By: George Wolf
Back in ’76, Brian De Palma brought Stephen King’s first novel, “Carrie,” to the screen and a terrifying vision of persecution and comeuppance emerged.
But that was almost 25 years before Columbine, and the image of the bullied and confused wreaking bloody revenge at a high school has taken on a different tenor.
That’s no doubt why King’s tale made its way to television in 2002 with a fresh take on the horror.
But things in high school have changed again, and the story of Carrie White takes on particular tragedy in a wired time where another innocent high school girl takes her life almost weekly due to bullying. Perhaps that’s what drew filmmaker Kimberly Pierce, whose “Boys Don’t Cry” also outlines the tragedy that befalls a young woman violently unaccepted for who she is.
In Pierce’s hands, “Carrie” offers more stripped-down drama – none of the scenery chewing of the De Palma original. There’s no humor to be found in the reboot, but realistic performances and updated context give the film enough bite to keep you watching.
Chloe Grace Moretz takes on lead duties as the youngster whose first monthly flow triggers all manner of havoc, from the most unconscionable bullying to telekenetic powers. Oh, and her mom tries to kill her. So, not the blessing those Health Ed books try to say it is.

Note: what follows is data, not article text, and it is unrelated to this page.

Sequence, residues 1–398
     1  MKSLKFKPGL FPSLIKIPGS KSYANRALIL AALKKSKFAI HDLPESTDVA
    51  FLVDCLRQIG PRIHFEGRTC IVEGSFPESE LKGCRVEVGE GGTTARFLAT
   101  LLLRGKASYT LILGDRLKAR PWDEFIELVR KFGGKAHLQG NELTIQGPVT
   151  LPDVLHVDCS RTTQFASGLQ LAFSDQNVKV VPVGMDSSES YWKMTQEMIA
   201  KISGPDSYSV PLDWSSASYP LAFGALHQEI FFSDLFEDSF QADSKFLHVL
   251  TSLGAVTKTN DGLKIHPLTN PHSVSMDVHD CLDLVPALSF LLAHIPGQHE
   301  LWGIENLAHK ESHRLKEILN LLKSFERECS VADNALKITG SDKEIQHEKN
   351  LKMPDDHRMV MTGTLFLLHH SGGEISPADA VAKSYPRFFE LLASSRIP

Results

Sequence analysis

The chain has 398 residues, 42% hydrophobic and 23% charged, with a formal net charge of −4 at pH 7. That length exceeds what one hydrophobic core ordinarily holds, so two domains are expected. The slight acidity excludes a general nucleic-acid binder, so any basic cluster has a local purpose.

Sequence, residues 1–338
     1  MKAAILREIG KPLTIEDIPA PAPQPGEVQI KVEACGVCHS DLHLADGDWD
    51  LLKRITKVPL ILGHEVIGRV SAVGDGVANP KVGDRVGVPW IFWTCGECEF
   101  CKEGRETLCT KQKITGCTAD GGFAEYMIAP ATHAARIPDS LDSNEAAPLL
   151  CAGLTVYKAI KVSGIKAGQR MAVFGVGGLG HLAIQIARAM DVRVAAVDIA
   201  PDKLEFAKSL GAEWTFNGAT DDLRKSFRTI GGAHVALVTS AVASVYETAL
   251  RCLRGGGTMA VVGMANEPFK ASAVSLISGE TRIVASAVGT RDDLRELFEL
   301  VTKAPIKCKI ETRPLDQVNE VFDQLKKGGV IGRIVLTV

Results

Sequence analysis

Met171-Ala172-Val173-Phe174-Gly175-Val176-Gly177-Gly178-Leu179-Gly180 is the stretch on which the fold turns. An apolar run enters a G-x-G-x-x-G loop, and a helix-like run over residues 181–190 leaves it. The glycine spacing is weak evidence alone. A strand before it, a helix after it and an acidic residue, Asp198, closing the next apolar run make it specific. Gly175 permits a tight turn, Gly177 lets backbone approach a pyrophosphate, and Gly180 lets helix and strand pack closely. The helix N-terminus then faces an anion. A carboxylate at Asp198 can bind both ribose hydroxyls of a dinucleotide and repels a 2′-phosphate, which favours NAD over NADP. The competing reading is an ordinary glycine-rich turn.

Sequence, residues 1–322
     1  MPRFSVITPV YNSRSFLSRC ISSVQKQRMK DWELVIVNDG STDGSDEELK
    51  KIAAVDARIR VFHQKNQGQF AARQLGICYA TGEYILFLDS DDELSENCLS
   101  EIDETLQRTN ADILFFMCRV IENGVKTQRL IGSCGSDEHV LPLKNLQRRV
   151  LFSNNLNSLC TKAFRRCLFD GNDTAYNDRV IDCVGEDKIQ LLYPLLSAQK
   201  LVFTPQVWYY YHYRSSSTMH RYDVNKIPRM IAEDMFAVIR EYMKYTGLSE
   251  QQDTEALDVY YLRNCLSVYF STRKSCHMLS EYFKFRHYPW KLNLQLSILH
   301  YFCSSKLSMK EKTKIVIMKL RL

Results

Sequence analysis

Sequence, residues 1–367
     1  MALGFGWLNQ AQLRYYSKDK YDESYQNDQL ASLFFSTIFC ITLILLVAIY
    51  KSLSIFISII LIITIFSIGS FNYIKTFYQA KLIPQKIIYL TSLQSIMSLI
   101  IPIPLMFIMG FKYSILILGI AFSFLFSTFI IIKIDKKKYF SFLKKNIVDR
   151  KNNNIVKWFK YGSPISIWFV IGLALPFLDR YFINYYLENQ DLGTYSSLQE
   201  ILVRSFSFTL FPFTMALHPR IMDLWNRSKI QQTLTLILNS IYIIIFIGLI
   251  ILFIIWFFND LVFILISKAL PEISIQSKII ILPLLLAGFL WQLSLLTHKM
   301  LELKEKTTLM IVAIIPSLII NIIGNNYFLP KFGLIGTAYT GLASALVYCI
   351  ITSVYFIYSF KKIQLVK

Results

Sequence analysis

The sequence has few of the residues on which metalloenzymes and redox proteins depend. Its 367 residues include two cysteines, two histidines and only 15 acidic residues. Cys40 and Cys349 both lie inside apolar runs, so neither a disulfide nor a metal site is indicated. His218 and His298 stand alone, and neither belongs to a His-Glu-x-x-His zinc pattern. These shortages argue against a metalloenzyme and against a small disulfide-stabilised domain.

Moretz has a big prom dress to fill, and though she has always been a reliable talent, her turn here is unconvincing. Sissy Spacek truly was that innocent, a girl so repressed by her religious mother that she had no conscious knowledge of appropriate social behavior. Moretz is a cute, shy girl the mean kids dislike. It’s not the same.
The always exquisite Julianne Moore actually has an even larger task cut out for her.
The role of Margaret White is a juicy one. Even the TV version drew the great Patricia Clarkson to the project. And Moore is characteristically strong, clearly defining role in a terrifying yet almost sympathetic way. But she’s no Piper Laurie.
Laurie brought such vitality and insanity to the role that the prom became almost secondary, and her chemistry with Spacek was eerily perfect.
The supporting cast of high schoolers is fairly unimpressive, though the ever-reliable Judy Greer adds some fresh depth to the role of Carrie’s sympathetic gym teacher.
This “Carrie” is a bit more faithful to the book, and actually delivers a more violent, bloody finale than the original film, which seems to fit with the tensions of today.
The updated context casts a truly saddening shadow over the film, making a major thematic adjustment without even trying. Stephen King wrote a story about hysteria over the dawning of womanhood. But today, the story carries an even darker message. “Carrie” is a cautionary tale about sending your kids to high school.